Statement of Task
This international workshop will examine issues related to the design, construction, and operation of high-containment biological laboratories—equivalent to United States Centers for Disease Control and Prevention Biological Safety 3 or 4 level labs. Although these laboratories are needed to isolate some highly dangerous pathogens, they are complex systems with inherent risks. The workshop will aim to engage scientific experts and policy makers both from countries experienced in operating laboratories and from countries that are contemplating or undertaking the construction of new facilities. Possible areas for discussion include:
• Technological options to meet diagnostic, research, and other goals;
• Laboratory construction and commissioning;
• Operational maintenance to provide sustainable capabilities, safety, and security;
• Measures for encouraging a culture of responsible conduct.
Additionally, some workshop participants will develop and present case studies. Case studies may describe a country’s facilities, capabilities, and regulations as well as past accidents, safety and security issues, and lessons learned.
Workshop participants will explore possible strategies for enhancing biological safety and security worldwide and will offer practical suggestions to countries considering constructing or expanding their high biocontainment facilities. An individually authored workshop summary will be issued.
A number of international organizations have encouraged countries to improve their laboratory biosafety and biosecurity,1 and workshop participants were asked to examine the growing number of high biocontainment labs in the context of the full biosafety and biosecurity spectrum (see Box 1-2).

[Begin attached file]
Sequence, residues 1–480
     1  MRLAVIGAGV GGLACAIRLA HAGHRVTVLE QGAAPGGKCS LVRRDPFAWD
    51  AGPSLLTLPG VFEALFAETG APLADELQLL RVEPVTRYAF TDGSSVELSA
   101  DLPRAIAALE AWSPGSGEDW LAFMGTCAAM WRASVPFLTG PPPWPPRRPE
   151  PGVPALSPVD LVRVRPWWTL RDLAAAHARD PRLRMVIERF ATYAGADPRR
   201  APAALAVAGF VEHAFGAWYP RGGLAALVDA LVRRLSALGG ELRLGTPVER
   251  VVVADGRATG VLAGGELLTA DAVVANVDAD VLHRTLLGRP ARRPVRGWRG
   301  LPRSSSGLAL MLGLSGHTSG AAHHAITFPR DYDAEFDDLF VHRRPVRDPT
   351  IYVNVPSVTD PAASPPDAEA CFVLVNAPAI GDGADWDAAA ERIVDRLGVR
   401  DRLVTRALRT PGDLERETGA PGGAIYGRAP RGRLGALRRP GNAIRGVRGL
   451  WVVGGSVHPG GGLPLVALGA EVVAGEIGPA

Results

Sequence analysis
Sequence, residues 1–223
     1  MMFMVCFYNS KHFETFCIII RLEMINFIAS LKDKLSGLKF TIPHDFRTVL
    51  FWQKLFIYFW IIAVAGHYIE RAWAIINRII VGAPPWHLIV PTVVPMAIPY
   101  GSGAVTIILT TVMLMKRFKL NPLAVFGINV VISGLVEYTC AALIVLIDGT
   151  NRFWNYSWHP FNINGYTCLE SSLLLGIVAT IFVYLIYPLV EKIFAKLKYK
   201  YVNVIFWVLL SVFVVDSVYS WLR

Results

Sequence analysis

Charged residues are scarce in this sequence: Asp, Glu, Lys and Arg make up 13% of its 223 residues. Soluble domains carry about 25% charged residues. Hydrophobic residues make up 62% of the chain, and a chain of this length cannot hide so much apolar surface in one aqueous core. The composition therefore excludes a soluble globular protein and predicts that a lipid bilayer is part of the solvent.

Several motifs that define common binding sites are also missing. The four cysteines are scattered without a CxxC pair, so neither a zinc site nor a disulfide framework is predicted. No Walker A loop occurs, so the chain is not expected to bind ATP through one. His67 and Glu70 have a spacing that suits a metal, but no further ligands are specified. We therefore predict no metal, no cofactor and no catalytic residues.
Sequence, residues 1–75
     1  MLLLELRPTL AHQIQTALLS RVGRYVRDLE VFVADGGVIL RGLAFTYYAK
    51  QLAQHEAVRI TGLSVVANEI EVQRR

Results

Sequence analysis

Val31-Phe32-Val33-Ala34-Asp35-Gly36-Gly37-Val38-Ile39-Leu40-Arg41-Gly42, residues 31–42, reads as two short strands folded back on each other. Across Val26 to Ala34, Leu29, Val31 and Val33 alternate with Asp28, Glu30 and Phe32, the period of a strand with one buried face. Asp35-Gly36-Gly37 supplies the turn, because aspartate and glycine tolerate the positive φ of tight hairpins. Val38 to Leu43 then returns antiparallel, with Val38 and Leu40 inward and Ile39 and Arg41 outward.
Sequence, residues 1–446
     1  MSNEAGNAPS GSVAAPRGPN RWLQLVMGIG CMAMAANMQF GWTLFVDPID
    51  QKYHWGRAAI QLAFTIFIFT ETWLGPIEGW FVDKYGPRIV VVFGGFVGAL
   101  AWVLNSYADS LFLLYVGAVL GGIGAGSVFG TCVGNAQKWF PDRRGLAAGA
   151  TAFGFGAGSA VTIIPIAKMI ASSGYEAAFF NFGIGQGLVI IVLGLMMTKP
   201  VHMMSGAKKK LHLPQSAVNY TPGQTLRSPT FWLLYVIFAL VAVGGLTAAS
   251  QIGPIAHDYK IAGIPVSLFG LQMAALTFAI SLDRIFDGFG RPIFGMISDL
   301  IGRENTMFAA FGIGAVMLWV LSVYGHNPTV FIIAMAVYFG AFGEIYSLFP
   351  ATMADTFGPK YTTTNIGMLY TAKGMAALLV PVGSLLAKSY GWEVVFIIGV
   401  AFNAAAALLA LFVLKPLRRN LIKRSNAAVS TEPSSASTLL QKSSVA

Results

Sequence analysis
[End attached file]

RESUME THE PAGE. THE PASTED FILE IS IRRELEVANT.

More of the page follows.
Biosafety and Biosecurity: Historical Context
In general, this report uses the term ‘biosecurity’ to refer to measures intended to reduce the deliberate misuse of biological materials or biotechnologya while ‘biosafety’ refers to protecting laboratory workers, community members, and the environment from accidental exposure to pathogens (NRC, 2009d; see pages 8-9). Nonetheless, the topics are interrelated. Proper maintenance and operations increase the ability to secure a facility, and a well-trained staff that takes pride in their work is less likely to cause an accidental breach and more likely to detect an insider threat and successfully guard against deliberate breaches (Franz and Le Duc, 2011).
1 In 2005, the World Health Assembly adopted Resolution WHA58.29, which encourages the use of national and international resources to improve laboratory biosafety (WHO, 2005). In 2004, the United Nations Security Council passed Resolution 1540, which requires States to take measures to stop the proliferation of weapons of mass destruction, including biological weapons, by State and non-State actors (U.N. Security Council, 2004).